Vivre sa Vie: Godard Goes Off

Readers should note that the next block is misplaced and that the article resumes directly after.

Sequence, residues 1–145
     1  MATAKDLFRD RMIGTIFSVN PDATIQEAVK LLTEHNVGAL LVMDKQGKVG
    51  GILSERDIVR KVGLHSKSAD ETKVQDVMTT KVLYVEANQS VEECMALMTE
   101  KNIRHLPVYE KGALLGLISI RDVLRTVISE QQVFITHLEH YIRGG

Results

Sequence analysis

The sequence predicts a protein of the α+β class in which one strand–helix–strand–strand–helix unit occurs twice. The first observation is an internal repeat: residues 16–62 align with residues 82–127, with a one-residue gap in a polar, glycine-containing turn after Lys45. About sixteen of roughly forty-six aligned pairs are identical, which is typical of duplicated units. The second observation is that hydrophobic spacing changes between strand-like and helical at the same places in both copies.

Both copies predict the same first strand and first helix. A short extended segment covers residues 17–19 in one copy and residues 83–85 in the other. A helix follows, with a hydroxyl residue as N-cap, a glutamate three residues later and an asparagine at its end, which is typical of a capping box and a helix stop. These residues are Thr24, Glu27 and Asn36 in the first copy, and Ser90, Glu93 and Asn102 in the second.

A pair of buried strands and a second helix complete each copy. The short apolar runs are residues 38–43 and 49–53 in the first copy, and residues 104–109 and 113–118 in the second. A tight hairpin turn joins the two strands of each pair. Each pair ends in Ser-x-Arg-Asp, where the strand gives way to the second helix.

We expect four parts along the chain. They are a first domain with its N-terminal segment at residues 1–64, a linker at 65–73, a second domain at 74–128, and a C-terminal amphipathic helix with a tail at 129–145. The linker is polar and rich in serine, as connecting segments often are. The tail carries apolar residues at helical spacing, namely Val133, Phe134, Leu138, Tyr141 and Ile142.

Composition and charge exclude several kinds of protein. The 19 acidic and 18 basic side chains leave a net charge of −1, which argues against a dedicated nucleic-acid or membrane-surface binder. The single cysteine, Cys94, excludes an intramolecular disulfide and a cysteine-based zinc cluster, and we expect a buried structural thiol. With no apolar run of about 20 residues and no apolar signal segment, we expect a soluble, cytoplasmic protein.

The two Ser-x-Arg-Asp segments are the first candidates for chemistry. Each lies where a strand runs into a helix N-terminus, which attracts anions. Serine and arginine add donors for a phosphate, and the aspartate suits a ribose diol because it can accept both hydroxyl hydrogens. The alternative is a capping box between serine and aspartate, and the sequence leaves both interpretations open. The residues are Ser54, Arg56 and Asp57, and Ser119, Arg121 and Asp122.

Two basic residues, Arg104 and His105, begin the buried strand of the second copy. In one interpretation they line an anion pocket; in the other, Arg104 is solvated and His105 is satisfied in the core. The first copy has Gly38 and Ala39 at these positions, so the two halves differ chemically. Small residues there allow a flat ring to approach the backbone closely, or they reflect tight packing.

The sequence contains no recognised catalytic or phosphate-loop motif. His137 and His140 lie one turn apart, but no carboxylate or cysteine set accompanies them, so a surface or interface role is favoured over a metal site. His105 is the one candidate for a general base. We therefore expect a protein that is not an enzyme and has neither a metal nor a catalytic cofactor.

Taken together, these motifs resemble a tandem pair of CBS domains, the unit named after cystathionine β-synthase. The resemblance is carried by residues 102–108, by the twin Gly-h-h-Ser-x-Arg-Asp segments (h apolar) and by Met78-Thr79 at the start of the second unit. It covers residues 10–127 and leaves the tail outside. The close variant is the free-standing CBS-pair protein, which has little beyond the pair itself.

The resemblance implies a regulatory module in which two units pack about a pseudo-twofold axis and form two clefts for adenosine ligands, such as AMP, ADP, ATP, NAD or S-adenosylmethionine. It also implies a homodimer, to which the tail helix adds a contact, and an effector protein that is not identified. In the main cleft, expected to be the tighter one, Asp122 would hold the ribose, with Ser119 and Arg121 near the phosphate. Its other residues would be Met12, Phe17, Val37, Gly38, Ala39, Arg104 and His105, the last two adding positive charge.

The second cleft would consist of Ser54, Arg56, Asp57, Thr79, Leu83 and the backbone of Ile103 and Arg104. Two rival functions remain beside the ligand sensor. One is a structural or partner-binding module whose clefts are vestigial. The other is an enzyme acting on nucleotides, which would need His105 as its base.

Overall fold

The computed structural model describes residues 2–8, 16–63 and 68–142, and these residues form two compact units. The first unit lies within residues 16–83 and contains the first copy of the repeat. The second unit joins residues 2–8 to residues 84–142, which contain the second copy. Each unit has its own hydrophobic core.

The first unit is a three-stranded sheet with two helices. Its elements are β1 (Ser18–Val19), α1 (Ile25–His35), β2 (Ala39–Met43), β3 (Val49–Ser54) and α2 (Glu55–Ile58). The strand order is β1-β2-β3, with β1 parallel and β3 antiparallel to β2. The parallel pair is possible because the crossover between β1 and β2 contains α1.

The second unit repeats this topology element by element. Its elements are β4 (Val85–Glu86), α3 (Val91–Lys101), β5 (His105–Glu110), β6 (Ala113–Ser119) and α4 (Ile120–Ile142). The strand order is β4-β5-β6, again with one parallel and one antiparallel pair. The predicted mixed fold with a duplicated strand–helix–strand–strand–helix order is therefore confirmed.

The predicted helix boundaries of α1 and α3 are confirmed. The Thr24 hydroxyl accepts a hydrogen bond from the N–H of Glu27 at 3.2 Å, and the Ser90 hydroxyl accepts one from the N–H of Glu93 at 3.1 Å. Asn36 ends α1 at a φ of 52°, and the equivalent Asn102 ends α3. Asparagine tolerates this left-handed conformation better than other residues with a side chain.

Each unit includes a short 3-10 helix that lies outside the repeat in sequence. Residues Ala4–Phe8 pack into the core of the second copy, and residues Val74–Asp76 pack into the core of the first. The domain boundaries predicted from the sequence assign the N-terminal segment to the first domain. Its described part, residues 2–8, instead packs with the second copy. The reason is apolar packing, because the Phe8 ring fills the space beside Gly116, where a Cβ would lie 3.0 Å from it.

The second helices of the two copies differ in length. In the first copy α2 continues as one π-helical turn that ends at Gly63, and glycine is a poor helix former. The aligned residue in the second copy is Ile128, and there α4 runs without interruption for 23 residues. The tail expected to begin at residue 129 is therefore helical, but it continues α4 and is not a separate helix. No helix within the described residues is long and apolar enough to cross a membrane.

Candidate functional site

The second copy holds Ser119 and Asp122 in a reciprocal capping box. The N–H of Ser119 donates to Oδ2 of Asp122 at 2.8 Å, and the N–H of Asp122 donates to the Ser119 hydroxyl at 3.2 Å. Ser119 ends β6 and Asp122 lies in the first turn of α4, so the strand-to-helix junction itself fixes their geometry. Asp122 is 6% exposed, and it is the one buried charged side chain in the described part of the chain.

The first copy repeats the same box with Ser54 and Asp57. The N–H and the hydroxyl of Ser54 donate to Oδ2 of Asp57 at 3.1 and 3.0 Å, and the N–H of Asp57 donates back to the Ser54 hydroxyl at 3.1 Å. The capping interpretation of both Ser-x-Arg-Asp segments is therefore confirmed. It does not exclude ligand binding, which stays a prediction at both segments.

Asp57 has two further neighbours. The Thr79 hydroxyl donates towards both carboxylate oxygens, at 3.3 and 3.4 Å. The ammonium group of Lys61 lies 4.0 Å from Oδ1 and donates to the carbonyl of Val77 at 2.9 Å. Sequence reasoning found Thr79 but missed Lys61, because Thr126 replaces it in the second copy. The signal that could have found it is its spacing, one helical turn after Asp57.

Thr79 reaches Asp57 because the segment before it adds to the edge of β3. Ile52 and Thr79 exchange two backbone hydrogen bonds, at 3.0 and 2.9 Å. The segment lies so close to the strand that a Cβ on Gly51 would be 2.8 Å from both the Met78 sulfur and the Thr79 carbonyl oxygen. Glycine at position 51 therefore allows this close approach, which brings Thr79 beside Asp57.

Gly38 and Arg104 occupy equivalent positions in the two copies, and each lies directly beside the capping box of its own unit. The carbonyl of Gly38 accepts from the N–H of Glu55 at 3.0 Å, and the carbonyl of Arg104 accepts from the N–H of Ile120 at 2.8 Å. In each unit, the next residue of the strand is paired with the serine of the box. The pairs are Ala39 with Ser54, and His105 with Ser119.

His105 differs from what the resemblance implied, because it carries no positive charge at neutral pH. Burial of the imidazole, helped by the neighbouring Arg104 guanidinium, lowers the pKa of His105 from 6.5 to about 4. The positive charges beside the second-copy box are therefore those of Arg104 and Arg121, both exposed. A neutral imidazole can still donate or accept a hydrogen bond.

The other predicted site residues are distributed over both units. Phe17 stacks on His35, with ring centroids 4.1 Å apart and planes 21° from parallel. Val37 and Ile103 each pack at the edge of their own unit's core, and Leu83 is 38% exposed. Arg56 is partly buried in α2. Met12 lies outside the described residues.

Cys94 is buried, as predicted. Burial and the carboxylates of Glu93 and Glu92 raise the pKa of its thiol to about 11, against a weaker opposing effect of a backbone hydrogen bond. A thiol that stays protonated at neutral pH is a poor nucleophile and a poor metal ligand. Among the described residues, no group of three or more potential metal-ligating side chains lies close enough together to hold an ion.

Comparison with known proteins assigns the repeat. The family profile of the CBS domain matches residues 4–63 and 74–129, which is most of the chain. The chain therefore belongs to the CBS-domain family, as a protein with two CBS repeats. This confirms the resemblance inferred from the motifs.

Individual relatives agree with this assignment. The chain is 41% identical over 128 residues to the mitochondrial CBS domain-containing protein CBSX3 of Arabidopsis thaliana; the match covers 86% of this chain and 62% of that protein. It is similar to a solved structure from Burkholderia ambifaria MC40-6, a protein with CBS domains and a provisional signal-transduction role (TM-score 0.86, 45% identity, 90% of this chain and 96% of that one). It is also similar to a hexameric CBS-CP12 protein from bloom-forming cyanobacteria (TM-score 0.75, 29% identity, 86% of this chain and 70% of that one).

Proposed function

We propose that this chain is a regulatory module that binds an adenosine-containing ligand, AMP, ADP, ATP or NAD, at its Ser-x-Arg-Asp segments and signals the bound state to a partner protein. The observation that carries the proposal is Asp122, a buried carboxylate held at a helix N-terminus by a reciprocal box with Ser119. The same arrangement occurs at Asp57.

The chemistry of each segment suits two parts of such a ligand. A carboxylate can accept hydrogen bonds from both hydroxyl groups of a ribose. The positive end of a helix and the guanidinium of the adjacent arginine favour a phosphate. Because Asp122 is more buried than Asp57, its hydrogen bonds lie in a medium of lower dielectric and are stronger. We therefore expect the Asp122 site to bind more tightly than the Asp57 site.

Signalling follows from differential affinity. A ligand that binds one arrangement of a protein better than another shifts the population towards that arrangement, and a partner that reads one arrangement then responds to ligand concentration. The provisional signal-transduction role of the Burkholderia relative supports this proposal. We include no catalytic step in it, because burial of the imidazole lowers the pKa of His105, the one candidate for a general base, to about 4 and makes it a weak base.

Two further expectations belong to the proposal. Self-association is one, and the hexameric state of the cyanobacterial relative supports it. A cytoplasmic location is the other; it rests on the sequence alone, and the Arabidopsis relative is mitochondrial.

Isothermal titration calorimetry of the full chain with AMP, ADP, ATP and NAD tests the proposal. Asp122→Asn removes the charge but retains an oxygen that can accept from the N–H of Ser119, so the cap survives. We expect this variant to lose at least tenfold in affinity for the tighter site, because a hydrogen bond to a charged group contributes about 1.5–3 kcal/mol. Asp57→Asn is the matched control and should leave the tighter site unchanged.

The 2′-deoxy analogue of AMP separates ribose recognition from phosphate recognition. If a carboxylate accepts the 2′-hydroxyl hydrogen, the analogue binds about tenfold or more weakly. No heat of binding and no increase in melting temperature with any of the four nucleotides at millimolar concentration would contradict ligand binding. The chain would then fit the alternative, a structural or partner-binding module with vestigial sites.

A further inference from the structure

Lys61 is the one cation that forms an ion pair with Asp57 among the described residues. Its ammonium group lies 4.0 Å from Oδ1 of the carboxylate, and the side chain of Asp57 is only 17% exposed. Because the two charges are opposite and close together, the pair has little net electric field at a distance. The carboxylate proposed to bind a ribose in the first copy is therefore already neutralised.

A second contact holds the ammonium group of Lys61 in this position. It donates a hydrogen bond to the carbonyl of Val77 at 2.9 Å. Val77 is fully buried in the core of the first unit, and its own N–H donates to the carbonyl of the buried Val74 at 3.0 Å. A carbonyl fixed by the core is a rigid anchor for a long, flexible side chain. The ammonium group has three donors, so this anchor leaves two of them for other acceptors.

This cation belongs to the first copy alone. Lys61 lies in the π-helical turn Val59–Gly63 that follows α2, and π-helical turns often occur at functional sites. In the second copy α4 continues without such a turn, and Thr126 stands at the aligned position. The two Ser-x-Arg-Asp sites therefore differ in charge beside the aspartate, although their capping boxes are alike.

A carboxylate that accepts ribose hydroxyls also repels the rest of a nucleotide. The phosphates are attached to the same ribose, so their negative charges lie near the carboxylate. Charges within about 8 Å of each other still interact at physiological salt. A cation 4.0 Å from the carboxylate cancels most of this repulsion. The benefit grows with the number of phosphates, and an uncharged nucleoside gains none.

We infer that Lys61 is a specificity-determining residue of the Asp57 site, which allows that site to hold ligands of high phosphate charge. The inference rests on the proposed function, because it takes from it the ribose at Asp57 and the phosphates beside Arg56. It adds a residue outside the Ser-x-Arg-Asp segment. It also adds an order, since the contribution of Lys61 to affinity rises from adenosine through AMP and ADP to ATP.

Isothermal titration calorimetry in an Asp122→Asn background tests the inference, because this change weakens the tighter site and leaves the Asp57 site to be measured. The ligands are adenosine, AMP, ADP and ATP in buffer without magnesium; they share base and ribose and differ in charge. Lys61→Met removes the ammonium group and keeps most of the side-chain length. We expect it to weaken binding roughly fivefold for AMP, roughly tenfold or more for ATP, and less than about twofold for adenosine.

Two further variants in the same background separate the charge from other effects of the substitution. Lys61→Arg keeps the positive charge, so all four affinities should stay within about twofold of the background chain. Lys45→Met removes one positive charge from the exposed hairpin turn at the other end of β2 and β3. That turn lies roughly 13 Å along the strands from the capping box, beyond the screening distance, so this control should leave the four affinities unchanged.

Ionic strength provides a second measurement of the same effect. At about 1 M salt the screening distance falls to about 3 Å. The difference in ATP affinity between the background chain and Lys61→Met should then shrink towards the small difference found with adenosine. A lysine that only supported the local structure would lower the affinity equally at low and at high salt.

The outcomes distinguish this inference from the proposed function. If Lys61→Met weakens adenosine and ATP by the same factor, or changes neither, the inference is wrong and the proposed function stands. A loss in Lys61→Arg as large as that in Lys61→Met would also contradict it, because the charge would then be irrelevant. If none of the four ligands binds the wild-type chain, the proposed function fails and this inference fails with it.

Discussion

A milestone “Everything is permissible” moment in narrative film, Godard’s fourth feature is a rocket from Pandora’s Box. It’s sectioned into 12 “tableaux,” each chapter opening with an intertitle describing its contents. The framing is carefully indiscriminate; faces are backlit into murk; café clatter swallows conversation. The camera rarely cues on in-scene action, instead turning weird patterns or unmooring from the story at the whim of private authorial logic. Star Anna Karina was in the brutal early rounds of marriage to her director, who was never more doting and egghead-condescending than in this showpiece. She’s Nana, a northern provincial in Paris who aspires to maybe become a film actress (like Anna Karina!), but settles on making a quick franc horizontally. The suburban streets and jukebox idylls are as banal as her daydreams, though she touches loftier things—a teary commiseration with Dreyer’s Joan of Arc, a chance dialogue with philosopher Brice Parain. The purpose of this one-woman show is suggested by a child’s description of essence: “Take away the outside, the inside is left. Take away the inside, and you see a soul.” Toward this, girl-for-rent Nana is probed from every side: interrogated by the camera, her jilted beau, the police, her pimp, and the prose of Poe (all of them, really, Godard).